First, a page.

Eyeglasses and contact lenses serve a very important function, there is no denying that. Without vision-correction, life is forever altered. At the same time, wearing glasses or contacts can quickly become bothersome. If you’re active, your glasses may get in the way. If you rely on glasses all day every day, they may start to feel uncomfortable on the bridge of your nose, or you may have difficulty transitioning from reading a book to reading your computer screen. These are common frustrations that often lead people to consider LASIK.
The LASIK procedure has been a routine laser treatment conducted all over the world for several years. Because it is so common, there may be an assumption that it would work for just about anyone who wants to correct nearsightedness or farsightedness. Usually, this is the case. However, we’ve got to confirm this by performing a few assessments. To determine if a person is a good candidate for LASIK, a doctor will conduct screenings such as:
- Intraocular pressure. The pressure that exists within the eye is referred to as intraocular pressure. Certain eye conditions, such as glaucoma, are characterized by elevated pressure in the eye. This pressure can damage the optic nerve and cause blindness. Patients who undergo LASIK are usually given a steroid eye drop to decrease inflammation after surgery. These drops could increase intraocular pressure and should not be used by those with already-elevated pressure.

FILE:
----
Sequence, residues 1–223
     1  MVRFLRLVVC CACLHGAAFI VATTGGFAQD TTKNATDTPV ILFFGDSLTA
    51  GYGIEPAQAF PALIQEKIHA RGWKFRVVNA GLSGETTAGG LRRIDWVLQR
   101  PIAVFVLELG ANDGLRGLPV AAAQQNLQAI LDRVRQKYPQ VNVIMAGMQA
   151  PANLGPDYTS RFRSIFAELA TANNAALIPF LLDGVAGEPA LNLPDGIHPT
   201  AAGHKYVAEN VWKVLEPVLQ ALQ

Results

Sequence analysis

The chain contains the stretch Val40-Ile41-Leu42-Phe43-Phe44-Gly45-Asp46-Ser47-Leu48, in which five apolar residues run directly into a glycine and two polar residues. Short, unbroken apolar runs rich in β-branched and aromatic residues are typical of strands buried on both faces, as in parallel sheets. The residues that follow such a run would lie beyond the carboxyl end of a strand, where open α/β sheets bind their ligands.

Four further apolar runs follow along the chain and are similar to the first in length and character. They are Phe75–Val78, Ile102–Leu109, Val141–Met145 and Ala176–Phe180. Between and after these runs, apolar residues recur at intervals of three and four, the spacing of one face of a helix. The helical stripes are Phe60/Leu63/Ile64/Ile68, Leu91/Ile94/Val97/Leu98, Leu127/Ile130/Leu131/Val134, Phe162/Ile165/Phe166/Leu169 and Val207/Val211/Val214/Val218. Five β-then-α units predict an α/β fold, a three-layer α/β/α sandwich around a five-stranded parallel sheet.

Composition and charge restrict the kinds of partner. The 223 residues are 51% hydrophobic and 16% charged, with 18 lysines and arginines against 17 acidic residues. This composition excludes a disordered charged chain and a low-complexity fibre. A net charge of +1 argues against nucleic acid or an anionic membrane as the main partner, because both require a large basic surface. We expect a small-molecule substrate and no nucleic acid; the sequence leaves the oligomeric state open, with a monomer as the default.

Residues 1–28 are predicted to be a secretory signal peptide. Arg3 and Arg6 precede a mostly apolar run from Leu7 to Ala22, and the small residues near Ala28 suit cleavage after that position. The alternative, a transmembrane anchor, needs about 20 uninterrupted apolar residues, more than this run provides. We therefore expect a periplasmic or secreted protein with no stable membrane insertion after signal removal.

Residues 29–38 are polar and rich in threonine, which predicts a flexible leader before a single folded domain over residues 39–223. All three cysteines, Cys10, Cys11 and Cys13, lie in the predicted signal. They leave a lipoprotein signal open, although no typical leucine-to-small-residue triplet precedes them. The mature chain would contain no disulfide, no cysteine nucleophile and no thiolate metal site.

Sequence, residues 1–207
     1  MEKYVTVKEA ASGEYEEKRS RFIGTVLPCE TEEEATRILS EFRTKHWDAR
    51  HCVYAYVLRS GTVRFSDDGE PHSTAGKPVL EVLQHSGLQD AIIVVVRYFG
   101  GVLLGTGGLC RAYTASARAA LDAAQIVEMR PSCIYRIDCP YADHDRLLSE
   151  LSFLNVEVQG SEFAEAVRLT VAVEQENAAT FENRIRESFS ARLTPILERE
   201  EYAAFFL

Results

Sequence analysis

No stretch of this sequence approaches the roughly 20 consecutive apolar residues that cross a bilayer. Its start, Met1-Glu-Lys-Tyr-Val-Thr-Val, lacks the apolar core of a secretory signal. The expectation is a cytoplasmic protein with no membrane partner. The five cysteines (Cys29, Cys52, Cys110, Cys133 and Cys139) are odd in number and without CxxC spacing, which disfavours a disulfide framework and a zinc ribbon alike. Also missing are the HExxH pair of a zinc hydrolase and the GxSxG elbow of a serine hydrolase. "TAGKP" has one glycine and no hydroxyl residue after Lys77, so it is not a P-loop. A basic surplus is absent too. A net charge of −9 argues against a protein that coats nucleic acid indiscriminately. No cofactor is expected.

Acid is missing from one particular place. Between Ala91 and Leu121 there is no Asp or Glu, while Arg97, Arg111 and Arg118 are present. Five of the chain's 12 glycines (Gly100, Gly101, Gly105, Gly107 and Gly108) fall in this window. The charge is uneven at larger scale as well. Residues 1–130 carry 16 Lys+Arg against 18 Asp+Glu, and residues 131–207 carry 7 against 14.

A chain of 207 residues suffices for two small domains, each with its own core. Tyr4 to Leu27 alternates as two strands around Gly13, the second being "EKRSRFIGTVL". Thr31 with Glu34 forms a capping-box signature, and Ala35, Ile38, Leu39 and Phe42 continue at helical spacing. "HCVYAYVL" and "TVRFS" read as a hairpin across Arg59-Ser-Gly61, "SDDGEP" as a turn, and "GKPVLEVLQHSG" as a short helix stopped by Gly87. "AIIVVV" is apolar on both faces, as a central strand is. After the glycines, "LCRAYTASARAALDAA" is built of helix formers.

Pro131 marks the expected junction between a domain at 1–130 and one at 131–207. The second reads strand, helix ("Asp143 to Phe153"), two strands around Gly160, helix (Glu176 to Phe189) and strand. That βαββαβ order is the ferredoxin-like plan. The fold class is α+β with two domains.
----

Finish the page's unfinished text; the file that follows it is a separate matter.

- Corneal assessment. The cornea is the flap of tissue that is modified during LASIK procedures. To accurately reshape the cornea, the doctor needs to know how thick this tissue is. Additionally, the corneal screening with measure how steeply the cornea is curved and observe this part of the eye for any abnormalities or damage.
- LASIK may cause temporary dryness. This side effect may be exaggerated in patients with poor tear quality. Specific tests can alert the LASIK surgeon to the details of the tears so side effects can be properly addressed.
- Nearsightedness and farsightedness are examples of refractive errors. Testing refraction, the doctor can determine how to best adjust the cornea to achieve optimal visual clarity. Refraction is reflected in a person’s vision prescription. This should be stable for at least one year before LASIK is performed.